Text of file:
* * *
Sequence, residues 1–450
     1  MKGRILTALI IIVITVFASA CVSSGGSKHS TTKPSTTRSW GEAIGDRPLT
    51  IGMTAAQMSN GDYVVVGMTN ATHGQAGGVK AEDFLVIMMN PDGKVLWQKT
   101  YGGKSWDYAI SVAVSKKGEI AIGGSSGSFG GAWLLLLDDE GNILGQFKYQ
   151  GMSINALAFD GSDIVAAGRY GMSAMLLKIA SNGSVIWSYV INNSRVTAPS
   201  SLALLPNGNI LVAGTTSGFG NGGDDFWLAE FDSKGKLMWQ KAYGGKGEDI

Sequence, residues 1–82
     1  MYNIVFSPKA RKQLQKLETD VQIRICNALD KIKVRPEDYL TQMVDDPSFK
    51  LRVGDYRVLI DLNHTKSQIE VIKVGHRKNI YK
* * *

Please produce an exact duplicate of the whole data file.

Sequence, residues 1–450
     1  MKGRILTALI IIVITVFASA CVSSGGSKHS TTKPSTTRSW GEAIGDRPLT
    51  IGMTAAQMSN GDYVVVGMTN ATHGQAGGVK AEDFLVIMMN PDGKVLWQKT
   101  YGGKSWDYAI SVAVSKKGEI AIGGSSGSFG GAWLLLLDDE GNILGQFKYQ
   151  GMSINALAFD GSDIVAAGRY GMSAMLLKIA SNGSVIWSYV INNSRVTAPS
   201  SLALLPNGNI LVAGTTSGFG NGGDDFWLAE FDSKGKLMWQ KAYGGKGEDI

Sequence, residues 1–82
     1  MYNIVFSPKA RKQLQKLETD VQIRICNALD KIKVRPEDYL TQMVDDPSFK
    51  LRVGDYRVLI DLNHTKSQIE VIKVGHRKNI YK